Statement by the Minister for the Economy – 6th May 2020

 

TITLE Covid-19 response
DATE 6 May 2020
BY Ken Skates MS, Minister for Economy, Transport and North Wales

 

Llywydd, I want to begin by thanking members across this chamber as well as our social partners and colleagues in every area of our public service in Wales for the huge amount of work they have done contributing to, and supporting, the economic response to coronavirus.

As I will come on to outline, we have made a great deal of progress delivering rapid support through our Economic Resilience Fund, the Development Bank of Wales and through business rate relief being administered by local authorities – and I want to pay tribute to everyone who has helped in that effort.

I say this because the need for this support could not be greater.  Economies around the world are showing signs of record contractions and significant unemployment.

At least 30 million Americans have lost their jobs since mid-March.  The eurozone economy shrank at the sharpest pace on record in the first quarter and even the strongest economy, Germany, recorded unemployment rising by 373,000 in April.

There are many businesses in Wales that have already had to take tough decisions.  Of those businesses and venues that must currently remain closed, there are over 200,000 employees within those industries in Wales.

Over a third of those work within the food and drink industries and over a quarter in retail. This is before we take into account the supply chain impact.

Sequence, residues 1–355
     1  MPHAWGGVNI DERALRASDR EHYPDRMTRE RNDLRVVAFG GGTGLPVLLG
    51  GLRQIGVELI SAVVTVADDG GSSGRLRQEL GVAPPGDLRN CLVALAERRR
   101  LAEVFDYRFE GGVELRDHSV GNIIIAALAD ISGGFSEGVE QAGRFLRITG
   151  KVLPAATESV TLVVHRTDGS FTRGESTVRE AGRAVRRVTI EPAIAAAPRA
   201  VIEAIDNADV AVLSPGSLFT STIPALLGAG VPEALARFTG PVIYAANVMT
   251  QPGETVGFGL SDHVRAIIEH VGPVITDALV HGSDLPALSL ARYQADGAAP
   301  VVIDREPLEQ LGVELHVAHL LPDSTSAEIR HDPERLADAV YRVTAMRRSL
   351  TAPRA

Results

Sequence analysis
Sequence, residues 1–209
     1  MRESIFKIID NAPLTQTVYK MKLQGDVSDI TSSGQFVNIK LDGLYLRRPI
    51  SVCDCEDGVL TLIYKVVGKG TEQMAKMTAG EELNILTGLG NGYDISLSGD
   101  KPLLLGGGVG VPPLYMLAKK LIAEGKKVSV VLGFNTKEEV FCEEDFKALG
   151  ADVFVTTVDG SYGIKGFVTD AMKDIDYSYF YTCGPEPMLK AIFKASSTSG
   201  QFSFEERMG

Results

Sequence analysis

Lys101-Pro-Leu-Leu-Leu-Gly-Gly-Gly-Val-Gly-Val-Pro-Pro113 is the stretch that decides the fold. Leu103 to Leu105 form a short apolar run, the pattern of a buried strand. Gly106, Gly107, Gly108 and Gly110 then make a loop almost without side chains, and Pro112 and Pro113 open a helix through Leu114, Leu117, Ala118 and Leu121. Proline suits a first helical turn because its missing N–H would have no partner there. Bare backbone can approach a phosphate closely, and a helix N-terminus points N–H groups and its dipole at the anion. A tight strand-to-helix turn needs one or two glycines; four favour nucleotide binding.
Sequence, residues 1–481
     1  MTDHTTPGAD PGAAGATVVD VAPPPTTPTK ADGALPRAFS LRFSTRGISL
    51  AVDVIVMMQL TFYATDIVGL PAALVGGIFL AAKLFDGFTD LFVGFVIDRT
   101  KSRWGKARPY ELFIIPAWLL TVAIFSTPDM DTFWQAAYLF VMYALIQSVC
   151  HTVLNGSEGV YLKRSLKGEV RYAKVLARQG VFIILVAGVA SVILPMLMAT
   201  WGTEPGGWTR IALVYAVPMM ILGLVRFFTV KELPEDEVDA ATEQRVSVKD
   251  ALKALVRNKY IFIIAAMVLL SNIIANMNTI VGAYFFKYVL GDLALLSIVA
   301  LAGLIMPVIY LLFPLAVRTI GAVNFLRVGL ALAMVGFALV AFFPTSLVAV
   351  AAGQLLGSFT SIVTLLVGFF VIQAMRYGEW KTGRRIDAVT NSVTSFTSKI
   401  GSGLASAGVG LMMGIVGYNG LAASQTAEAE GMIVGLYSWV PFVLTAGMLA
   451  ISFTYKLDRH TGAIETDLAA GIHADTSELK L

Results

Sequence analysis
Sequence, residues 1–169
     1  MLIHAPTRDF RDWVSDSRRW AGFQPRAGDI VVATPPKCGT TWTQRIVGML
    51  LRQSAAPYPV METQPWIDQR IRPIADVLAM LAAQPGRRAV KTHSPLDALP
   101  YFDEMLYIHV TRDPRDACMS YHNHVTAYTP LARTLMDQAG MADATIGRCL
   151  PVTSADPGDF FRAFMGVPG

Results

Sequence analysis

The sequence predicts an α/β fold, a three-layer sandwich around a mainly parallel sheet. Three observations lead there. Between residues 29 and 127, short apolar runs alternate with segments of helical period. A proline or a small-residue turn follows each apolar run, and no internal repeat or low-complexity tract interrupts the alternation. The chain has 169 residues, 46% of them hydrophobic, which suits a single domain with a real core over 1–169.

Our priority is public health and controlling the pandemic.

Without public confidence in that, consumers will not go to shops, people will not travel and workers will not return to offices.
In the meantime, as thousands of individuals and businesses put their livelihoods on hold to save lives, the Welsh Government is taking decisive action to help all those businesses and individuals who have been impacted.

As it stands, we have invested £1.7 billion in support packages, equivalent to 2.7% GDP in Wales.

This is a truly unprecedented commitment and a clear demonstration that we are standing up for businesses in all parts of Wales.

Just last week, the Minister for Finance and I announced that over half a billion pounds worth of relief grants had moved from government to businesses – reaching 41,000 small businesses in Wales in the space of just a few weeks.

All eligible businesses in the tourism, retail and hospitality sector are now benefiting from a year-long rates holiday.

During my last statement, I told you we had added an extra £100m to the amount of funding for the first phase of the Wales only Economic Resilience Fund – which totals half a billion pounds (£500m) overall.

That fund was paused at midday on Monday 27th April following the very large number of applications – worth over £255 million in total

Funding is now flowing to businesses, with over 700 applications being appraised and approved daily.

The rate of applications has been unprecedented and I want to thank the team of Welsh Government officials who have worked at pace to process applications and get money into the accounts of those businesses and organisations which needed that support quickly.

We are reviewing how we can utilise the remaining funding to support those firms who need it most and to protect our economy.

I want to reiterate that this is not support that is being made available to small and medium sized businesses in England – it is financed from our own budgets here in Wales.  I know there are many firms here in Wales that are still in business because of our support that would have closed had they been set up in England.